20. Bob F.

    Bob F. Member

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    According to my old books, candles were indeed used inside metal and coloured glass safelights before electricity in the home was widespread. Gas and oil lamps were preferred however and even then, the importance of fresh air was noted: "for a small room, if not ventilated, speedily becomes so fouled with products of respirations to be distinctly injurious to health"... followed by instructions for a light-tight 2" metal tube providing a chimney for a gas safelight...

    A pic below of the kind of thing Ole described.

    Bob.
     

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  21. fschifano

    fschifano Member

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    Yeah, you could if you put it in a red globe that filters out all the wavelengths of light to which the papers are sensitized. Question is, why would you want to? There's a reason electric light took off the way it did over a hundred years ago. Has that fact somehow escaped your notice?

    Whack job!
     
  22. panastasia

    panastasia Member

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    As a byproduct, the candle soot can be combined w/epoxy resin for touching up those little dings on your camera. It covers brass very nicely with a semi-gloss black finish.
     
  23. smieglitz

    smieglitz Subscriber

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    From "A Popular Treatise on Photography" by Désiré van Monckhoven, 1863 :

    "The dark chamber ought to be, on the contrary, very simple. Two or three tables are sufficient, and the light should either be entirely excluded by pasting black paper over the windows, and the operations conducted by the light of a candle or a gas jet, surrounded by a square lantern of yellow glass, or else, as often preferred, the dark room is so arranged that the light comes exclusively through a frame of yellow glass about 10 inches by 8 inches, and this covered with a sheet of very thin white paper, in order to impede the passage of the direct solar rays. A hinged frame is fitted in front of this square of yellow glass in such a way as to admit of its being totally or partially covered, in order to diminish or increase the amount of illumination at pleasure."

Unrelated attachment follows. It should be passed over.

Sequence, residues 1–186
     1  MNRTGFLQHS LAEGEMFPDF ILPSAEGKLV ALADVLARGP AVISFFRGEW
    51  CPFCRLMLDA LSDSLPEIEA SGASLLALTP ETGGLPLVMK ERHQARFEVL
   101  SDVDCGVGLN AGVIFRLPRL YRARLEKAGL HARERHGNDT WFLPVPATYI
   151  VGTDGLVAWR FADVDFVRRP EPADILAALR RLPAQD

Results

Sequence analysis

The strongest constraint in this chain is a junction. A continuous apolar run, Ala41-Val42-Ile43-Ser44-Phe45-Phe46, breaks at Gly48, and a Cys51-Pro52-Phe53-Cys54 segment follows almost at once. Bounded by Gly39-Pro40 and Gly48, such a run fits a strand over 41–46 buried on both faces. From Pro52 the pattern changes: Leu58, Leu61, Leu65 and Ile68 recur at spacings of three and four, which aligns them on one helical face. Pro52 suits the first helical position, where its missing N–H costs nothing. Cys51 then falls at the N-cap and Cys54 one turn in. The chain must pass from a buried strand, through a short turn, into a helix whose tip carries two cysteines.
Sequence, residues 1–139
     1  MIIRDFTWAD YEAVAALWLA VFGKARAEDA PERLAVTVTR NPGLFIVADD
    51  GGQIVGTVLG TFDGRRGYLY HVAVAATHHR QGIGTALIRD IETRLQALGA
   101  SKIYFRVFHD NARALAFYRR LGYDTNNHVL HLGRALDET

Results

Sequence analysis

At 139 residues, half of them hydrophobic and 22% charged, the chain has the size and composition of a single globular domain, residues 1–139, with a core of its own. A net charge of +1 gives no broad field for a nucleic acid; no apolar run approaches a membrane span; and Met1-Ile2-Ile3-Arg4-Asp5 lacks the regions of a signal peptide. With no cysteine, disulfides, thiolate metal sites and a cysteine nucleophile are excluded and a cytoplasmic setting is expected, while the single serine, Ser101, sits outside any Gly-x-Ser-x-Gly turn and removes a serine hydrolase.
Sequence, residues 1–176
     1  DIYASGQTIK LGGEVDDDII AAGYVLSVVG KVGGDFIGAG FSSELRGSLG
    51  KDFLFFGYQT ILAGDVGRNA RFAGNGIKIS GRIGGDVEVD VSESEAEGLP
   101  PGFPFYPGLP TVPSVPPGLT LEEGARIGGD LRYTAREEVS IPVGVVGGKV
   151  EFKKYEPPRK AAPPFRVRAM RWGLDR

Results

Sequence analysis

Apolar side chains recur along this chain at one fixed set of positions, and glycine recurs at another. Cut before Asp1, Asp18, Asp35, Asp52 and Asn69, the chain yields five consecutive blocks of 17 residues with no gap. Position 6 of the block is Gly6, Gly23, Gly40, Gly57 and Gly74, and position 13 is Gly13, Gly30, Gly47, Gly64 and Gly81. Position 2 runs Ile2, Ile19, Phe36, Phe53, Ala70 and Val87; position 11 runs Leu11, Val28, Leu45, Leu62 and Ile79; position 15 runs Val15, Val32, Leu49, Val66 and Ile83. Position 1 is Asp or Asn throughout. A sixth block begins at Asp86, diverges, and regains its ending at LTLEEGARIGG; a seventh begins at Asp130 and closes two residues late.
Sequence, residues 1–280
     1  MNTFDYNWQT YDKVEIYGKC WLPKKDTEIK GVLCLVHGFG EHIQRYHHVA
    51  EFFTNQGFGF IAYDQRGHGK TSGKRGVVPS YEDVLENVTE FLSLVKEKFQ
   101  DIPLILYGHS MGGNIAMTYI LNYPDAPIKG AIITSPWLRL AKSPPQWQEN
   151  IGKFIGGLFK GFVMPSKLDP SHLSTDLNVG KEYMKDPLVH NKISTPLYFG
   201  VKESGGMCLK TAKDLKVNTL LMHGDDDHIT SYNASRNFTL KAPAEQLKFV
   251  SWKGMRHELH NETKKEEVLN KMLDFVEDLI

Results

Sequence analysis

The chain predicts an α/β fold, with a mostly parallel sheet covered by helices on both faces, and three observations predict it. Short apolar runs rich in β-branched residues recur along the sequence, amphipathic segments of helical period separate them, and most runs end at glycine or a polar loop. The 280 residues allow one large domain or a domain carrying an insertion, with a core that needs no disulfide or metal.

I've also recently read of early photographers working solely by the light of an unshielded candle several meters away from the plate, but I can't remember the reference. (Perhaps an issue of the Philadelphia Photographer?) Given the low color temperature of a candle flame, the low level of illumination, distance, and the restricted spectral and overall sensitivity of collodion, I can imagine a bare candle might have actually been OK for very brief periods.


    Joe
     
  24. Murray@uptowngallery

    Murray@uptowngallery Member

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    I think Smieglitz probably wins a prize.

    Early photosensitive materials were not panchromatic. Green's 'Primitive Photography' with non-achromat lenses talks about correcting for actinic focus in the blue region...just like the alternative processes we turn back to today.

    Yellow makes sense as the safelight color before electricity as they didn't need to go all the way to the red spectrum.

    All the other reasons not to aside...
     
  25. JBrunner

    JBrunner Moderator Staff Member Moderator

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    Screw the romance thing, go for a red lit world domination lab! Safer, and just as cool.
     
  26. mjs

    mjs Member

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    At an estate auction some time back I purchased an enlarging outfit from approximately 1908. The outfit was for 1.25" square glass plates (had tiny little trays and a tiny little paper easel and everything!) The box it came in converted to a darkroom light: there was a place to hold a candle and red tissue paper over a round hole cut into the wood. The inside top of the box had a tin lid which left a gap around the edges for the smoke to pass through. This thing just shouted "fire hazard" to me, but the older farts were tougher, I suppose. Yes, it had been used. :smile:

    I'm not a historian, so I sold it on E-bay. It was just the cutest little outfit, though. Came with a tiny rectangular camera and a box of little glass plates.

    Mike